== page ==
THE former branch secretary for the regions's fire brigade union has hit out at comments that St Helens’ new community fire station will provide residents with the service they “rightly deserve".

Jim Stevenson, from Garswood, is a retired firefighter who was stationed at Parr Stocks Road for more than 20 years.

He has hit out at comments from the current station Station Manager Ian Mullen, Partnership’s Manager for St Helens, which were reported in the Star last week.

Jim argues that the location will be to the detriment of residents, citing the layout of roads in the town centre for a potential concern for future call outs.

Mr Stevenson said: "It's not going to be a better service as it is not going to have two full time pumps going. It is going to be impossible to get out of where it is to incidents in Billinge and Rainford.

"I worked at Parr Stocks for 20 odd years and it was well situated.

”It was out of the town centre – which is a pain to get out of because of how it is laid out – and we could easily get to Billinge and Rainford, but this station is cutting those places off.

"Few fires take place in town centres, 99 per cent of the time, they happen in the suburbs, which is where Newton, Eccleston and Parr Stocks (station said are)."

The Star reported how work is currently being undertaken to underpin the site as it sits above three disused mine shafts. Once that work is completed construction on the station can begin.

St Helens Star:

Mr Stevenson added: "I thought it was crazy that they reported that they found mine shafts at the site as well.

"Did planning not find this when they chose the site? And did they think that basing emergency vehicles near one of the busiest roundabouts was a bad idea?

"This is a massive concern to members of the public because they are the communities that will suffer."

A spokesman for Merseyside Fire and Rescue Service said: "The plans for the new station have been welcomed by the public and our staff alike – ensuring the best possible operational response against a backdrop of austerity whilst improving the facilities for our firefighters.

"As such, the Authority approved the move to the Watson Street (site) on the basis of both efficiency and effectiveness.

"Understandably, as with the re-location of any fire station, some communities will be closer and others further away and our response times will differ slightly on that basis – that said the merger proposals actually improve our response to Rainford given the direct access on to the key road network.

"Any negative impact (minimal as it is) will be offset by targeted prevention activities.

"It is important to note, that fire engines are out and about in communities throughout the day undertaking our prevention work, (recently recognised as ‘Outstanding’ by HM Inspectorate) and fire safety inspections, during which time they remain available to respond to an incident wherever it may be – the view that our fire engines and firefighters are waiting on our fire stations to take a call are no longer accurate.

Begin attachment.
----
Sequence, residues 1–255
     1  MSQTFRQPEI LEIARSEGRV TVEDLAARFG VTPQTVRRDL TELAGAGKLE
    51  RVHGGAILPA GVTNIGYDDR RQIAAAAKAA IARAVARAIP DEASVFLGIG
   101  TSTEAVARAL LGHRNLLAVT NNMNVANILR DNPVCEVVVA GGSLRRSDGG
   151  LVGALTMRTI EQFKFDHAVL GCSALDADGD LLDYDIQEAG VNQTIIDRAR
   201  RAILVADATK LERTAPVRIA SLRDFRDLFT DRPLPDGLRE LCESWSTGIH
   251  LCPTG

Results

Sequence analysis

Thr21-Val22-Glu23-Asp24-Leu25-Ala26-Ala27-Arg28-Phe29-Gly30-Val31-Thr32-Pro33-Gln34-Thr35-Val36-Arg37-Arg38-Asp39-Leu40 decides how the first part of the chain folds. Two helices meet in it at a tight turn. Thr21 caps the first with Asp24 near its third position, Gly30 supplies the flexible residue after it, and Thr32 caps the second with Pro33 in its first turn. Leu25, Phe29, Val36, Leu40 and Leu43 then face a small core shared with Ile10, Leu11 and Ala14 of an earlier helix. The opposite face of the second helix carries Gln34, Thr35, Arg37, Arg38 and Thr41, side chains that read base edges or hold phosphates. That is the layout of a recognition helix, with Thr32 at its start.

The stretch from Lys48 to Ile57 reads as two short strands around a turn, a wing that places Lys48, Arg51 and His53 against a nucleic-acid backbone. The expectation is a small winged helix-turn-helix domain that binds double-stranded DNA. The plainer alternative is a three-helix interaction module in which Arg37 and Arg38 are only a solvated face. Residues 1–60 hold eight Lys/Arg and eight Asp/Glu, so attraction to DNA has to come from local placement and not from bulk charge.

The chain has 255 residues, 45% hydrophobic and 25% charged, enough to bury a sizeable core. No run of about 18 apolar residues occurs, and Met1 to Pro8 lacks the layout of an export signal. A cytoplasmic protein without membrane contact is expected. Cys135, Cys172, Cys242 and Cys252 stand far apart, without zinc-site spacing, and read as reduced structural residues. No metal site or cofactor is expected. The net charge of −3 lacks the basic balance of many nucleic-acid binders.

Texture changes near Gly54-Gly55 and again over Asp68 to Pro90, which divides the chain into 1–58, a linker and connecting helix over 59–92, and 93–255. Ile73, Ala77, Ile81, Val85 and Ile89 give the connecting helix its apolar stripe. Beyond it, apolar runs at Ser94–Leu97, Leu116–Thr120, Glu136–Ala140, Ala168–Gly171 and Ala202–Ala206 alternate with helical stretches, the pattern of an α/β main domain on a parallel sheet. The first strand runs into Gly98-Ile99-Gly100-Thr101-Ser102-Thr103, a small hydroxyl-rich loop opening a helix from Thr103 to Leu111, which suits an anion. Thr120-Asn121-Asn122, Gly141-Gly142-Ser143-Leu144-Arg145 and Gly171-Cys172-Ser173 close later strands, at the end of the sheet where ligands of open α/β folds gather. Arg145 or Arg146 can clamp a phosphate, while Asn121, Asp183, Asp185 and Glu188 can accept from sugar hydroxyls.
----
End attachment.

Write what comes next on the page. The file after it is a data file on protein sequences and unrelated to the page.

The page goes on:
"With regards to the mineshafts located on site; these issues were fully anticipated – and are not dissimilar to those experienced in Prescot where we have just opened our new Fire & Police Community Station."

However, Mr Stevenson continued: "I can't understand why before it was agreed, people who have working knowledge of working in this job in the borough, such as drivers, were not asked for their opinions, just the officers.

"This is a huge issue for the town as crews will struggle to make a rapid response in areas where it will be hard to reach due to traffic around the town centre.

"There was a fire last week and a crew from Crosby came. They are trying to create these super stations everywhere, but they don't work effectively like the single stations did.

"I've been saying this for years but no one is listening and they don't understand that this is a vanity project, which is ridiculous when they are cutting staff levels."

Merseyside's Chief Fire Officer, Phil Garrigan, meanwhile, underlined his confidence in the plans.

He said: "Our new community fire and rescue station at Watson Street will be a real community asset, but even more importantly it will ensure we are able to deliver the best possible response times across the whole of St Helens.

"Our new plans, which are still subject to Authority approval, would result in the number of fire engines increasing not only in St Helens but elsewhere across the county.

"Our plans to reinvest in front line services have been achieved through the prudent use of reserves to pay off debt. The plans which have been through 12 weeks of consultation have been warmly welcomed by the public.”

The original plans for the site included two fire engines, one of which would be crewed on a full time 24/7 basis and the other throughout the daytime, with a recall through the night-time.

Following a recent consultation a third fire engine has been proposed which would be fully retained by professional full time firefighters.

The new station will also be designated a Safe Haven and Hate Crime reporting centre, have youth engagement facilities, fully accessible community space and will be fully equality compliant.

It will also be fitted with an externally mounted defibrillator that can be used by the community 24/7.